On appeal from a judgment in a civil proceeding, when two or more reasonable inferences can be drawn from the facts, the reviewing court is without power to substitute its deductions for those of the trier of fact. Even though contrary inferences could reasonably have been drawn, the reviewing court cannot make contrary findings where the trial court judgment is supported by substantial proof. (Davis v. Local Union No. 11, Internat., etc., of Elec. Workers (1971) 16 Cal.App.3d 686, 693-694, 94 Cal.Rptr. 562; see also Associated Creditors' Agency v. Davis (1975) 13 Cal.3d 374, 383, 118 Cal.Rptr. 772, 530 P.2d 1084; Ellison v. Ventura Port District (1978) 80 Cal.App.3d 574, 581, 145 Cal.Rptr. 665; Hicks v. Clayton (1977) 67 Cal.App.3d 251, 261, 136 Cal.Rptr. 512; In re Marriage of Gonzalez (1976) 57 Cal.App.3d 736, 745, 129 Cal.Rptr. 566.) Substantial evidence means evidence which is of ponderable legal significance evidence that is reasonable in nature, credible and of solid value. (Hall v. Department of Adoptions (1975) 47 Cal.App.3d 898, 906, 121 Cal.Rptr. 223; Willburn v. Wixson (1974) 37 Cal.App.3d 730, 737, 112 Cal.Rptr. 620.)

The record reveals that representatives of Taylor had asked Coca Cola to return the missing cylinders after September 23, 1971. Although the prior communications between the parties could have been interpreted as “demands,” the trial court found that Taylor did so in 1971. In light of the deference which must be paid to the lower court's inferences, we find that there is substantial evidence to support its finding.

THE TAYLOR APPEAL

In its conclusions of law, the trial court found that Taylor was not entitled to judgment based on its first cause of action, account stated. This conclusion was based on the court's factual finding that no fixed or readily calculable sum ever became due from Coca Cola to Taylor, since Coca Cola never agreed to pay a demurrage charge. Taylor contends that this finding was erroneous. We disagree.

Taylor more particularly contends that evidence revealed that Taylor's representatives sent a statement of demurrage charges to Coca Cola on several occasions, with Coca Cola failing to object or respond to such correspondence. It is Taylor's contention that this was an acquiescence to such charges.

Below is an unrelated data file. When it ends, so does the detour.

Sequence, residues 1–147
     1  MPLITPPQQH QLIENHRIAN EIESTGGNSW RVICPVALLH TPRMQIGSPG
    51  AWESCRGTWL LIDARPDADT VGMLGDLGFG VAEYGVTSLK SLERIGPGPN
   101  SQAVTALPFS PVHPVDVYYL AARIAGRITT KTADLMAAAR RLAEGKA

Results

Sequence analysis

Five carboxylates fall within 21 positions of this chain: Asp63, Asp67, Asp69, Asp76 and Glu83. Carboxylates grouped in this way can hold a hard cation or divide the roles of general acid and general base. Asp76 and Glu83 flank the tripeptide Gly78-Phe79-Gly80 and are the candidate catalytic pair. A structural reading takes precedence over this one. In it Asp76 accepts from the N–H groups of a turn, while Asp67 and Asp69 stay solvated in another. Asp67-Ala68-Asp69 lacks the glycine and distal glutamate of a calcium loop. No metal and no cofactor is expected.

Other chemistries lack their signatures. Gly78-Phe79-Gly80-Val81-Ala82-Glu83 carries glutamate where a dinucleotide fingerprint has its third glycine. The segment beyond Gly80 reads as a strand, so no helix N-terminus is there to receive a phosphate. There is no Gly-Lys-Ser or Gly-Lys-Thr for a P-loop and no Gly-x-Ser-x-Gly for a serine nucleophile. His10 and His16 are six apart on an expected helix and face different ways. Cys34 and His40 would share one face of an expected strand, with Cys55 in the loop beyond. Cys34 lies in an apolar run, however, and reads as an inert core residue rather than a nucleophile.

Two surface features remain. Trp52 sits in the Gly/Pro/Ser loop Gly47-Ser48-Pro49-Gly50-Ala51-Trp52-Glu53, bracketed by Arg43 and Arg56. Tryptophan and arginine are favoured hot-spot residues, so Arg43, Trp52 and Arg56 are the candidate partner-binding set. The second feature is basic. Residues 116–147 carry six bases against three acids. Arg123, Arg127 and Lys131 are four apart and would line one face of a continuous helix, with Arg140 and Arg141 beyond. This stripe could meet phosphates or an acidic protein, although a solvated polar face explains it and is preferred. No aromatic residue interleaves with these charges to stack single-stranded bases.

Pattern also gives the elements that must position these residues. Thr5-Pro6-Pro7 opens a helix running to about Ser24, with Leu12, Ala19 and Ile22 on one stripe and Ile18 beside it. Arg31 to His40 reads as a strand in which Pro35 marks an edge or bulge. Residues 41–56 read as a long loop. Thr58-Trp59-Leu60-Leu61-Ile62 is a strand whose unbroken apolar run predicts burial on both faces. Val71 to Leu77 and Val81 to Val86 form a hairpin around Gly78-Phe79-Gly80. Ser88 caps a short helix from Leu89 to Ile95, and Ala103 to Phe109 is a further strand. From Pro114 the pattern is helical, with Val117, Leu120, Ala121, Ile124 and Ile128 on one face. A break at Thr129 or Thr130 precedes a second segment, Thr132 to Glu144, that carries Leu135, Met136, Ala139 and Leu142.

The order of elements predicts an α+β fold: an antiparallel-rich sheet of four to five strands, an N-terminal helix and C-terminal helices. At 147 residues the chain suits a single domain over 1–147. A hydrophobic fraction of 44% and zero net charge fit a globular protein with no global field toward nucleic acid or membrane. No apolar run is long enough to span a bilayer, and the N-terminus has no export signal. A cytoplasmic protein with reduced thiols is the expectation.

To constitute an account stated, it must appear that at the time of the statement an indebtedness from one party to the other existed, that a balance was then struck and agreed to be the correct sum owing from the debtor to the creditor, and that the debtor expressly or impliedly promised to pay to the creditor the amount thus determined to be owing. In addition, the amount agreed upon must be either specifi cally stated or readily calculable. (1 Cal.Jur.3d, Accounts and Accounting, s 33, p. 255.)

One of the essential elements of an account stated is that a statement of indebtedness must exist between the parties. (See Hemenover v. Lynip (1930) 107 Cal.App. 356, 362-363, 290 P. 1089.) The trial court found that this statement did not exist because Coca Cola agreed to pay $1 per refill in lieu of demurrage. We are of the opinion that this finding is amply supported through testimony offered by both parties.

Furthermore, Taylor's pleadings preclude an assertion of an account stated. Taylor pleaded an account stated “in excess” of $32,013.25. It is elementary law that a claim must be reduced to a Definite amount by agreement between the parties before it can form a legitimate portion of an account stated. (See California Milling Corp. v. White (1964) 229 Cal.App.2d 469, 478, 40 Cal.Rptr. 301; 1 Cal.Jur.3d, Accounts and Accounting, s 33, pp. 255-256.) Thus, we find the trial court's determination that there was no fixed or readily calculable sum proven is supported by the record.

Finally, the argument that Coca Cola acquiesced to the statements submitted is without merit. The court in Hemenover v. Lynip, supra, 107 Cal.App. at page 363, 290 P. at page 1092 stated: